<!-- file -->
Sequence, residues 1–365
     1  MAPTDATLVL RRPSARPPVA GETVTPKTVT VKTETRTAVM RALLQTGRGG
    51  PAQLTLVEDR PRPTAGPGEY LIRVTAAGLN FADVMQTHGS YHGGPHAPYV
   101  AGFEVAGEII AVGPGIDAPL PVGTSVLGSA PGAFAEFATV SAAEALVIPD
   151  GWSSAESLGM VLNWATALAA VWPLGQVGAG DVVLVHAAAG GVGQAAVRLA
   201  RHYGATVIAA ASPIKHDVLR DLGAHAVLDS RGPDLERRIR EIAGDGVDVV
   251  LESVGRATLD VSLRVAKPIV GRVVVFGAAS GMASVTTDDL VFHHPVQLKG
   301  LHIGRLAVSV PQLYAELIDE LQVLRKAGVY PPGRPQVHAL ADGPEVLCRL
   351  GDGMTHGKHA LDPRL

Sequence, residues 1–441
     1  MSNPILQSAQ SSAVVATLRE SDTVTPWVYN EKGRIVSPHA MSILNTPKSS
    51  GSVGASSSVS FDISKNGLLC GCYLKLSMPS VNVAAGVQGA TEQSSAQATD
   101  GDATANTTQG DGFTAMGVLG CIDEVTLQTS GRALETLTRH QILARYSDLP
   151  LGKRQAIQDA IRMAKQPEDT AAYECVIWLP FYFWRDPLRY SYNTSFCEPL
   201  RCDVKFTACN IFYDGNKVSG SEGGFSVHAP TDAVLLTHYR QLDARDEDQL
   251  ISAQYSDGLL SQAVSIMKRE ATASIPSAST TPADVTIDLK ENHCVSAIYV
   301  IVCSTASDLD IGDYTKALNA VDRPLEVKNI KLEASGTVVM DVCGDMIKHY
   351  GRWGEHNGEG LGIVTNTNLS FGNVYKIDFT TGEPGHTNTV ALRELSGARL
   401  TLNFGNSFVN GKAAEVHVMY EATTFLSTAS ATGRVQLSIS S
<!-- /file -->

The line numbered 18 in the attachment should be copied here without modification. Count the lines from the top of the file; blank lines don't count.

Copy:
   351  GRWGEHNGEG LGIVTNTNLS FGNVYKIDFT TGEPGHTNTV ALRELSGARL